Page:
Do you have a Wi-Fi security camera watching over your baby? Did you know that anyone in the world can tune in and watch too. All these video-cam pictures, once they are in the “digital world” are preyed upon by hackers who make a good living by making them available on web-sites to any internet surfer who wants to “peep”.
HelloMonaco investigated one of these sites and found it was easy to search by city (Monaco and Nice were on the search lists!) and incredible though it may seem, there is even a search icon for bedrooms.
How can this be?
Well, when you buy a Wi-Fi security camera or webcam be aware it is easy for hackers to by-pass its security. The hackers are smart – they know the default passwords of the manufacturers. So as soon as you install your camera you link to, not just yourself, but to any spy who is curious. And relaying digital information is not against the law – at least in France it isn’t. Technology moves fast and the law doesn’t keep pace. However, in the United States it is an infraction to by-pass a password protected camera – but not here in the heart of Europe.
There is a specialized forensic police unit in France “NTech” to investigate digital crime but they are hampered by the law. And the hackers are getting ever more cunning. They use “bots” (digital robots) to scour the digital universe for goodies to capture. There is enough money to be made by relaying sensitive images that they even have a PR machine portraying themselves as do-gooders warning the public of the vulnerability due to unsecured web-cams.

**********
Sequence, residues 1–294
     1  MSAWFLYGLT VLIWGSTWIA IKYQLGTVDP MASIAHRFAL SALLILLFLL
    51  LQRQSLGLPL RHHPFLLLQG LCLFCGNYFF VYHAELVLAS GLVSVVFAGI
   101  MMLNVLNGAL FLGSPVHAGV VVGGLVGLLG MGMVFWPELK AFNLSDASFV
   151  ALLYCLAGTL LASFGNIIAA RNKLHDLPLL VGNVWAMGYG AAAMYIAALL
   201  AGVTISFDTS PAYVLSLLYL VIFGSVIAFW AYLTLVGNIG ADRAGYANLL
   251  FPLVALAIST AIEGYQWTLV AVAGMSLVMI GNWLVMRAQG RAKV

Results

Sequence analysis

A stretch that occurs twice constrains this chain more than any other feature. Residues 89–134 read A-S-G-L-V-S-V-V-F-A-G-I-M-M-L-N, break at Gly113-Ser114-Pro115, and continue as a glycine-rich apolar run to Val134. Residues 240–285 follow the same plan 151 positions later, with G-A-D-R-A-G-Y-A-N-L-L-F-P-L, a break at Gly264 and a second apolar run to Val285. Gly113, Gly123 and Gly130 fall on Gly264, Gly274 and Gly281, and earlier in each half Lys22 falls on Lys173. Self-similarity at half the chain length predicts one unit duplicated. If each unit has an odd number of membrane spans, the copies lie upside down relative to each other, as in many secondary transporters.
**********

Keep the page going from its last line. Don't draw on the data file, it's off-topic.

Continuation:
So, what to do?
Don’t be one of the 80% who install cameras leaving the manufacturers’ default passwords as the only protection against hacking. So the minimum step is to change the password. If your images are sufficiently sensitive, or if you are a little paranoid, give yourself an additional degree of comfort beyond password protection by encrypting the images with encryption software.
And our public officials and custodians at every level need to be vigilant too. Press reports reveal schools and gyms in France, whose security cameras are there supposedly to protect them, are being spied upon in the same way. There are guardian angels in the digital world; not everyone operates in the “dark internet”. Public shaming of the website Insecam, which was heretofore relaying much sensitive information from a reported 70.000+ cameras, pirated unethically, if not illegally, has led to Insecam being more cautious in what they show as a result of their “spying”.
There has been outrage at some of the scenes pirated from hospitals and bedrooms and reporters like Lisa Vaas have been very vigilant in reporting infractions by “peepers”. Invasion of privacy and spying on bedrooms and children is enough cause for extra vigilance but the implications are even more serious; vast numbers of unsecured cameras are a terrorist’s dream. Your security cameras instead of protecting your property are an “Achilles Heel” also; they alert thieves as to your comings and goings!
And for spying on sensitive industrial and commercial sites – or even stealing intellectual property – the tool could not be better tailored.
George Orwell has conditioned us to be on our guard against Big Brother. There is a bigger enemy – terrorists, blackmailers and thieves, and we are leaving ourselves very vulnerable. We have become quite good at locking our doors and windows. Now we have to lock our sensitive digital information out of the reach. Our new digital power-locks are passwords and encryption.
Why leave the Internet as a tool for the sole use of the evil among us. Digital guardian angels leave bulletins on the Web to help us defend against the hackers. Tune in – just like you would tune in if your neighbourhood-watch spots a suspicious prowler.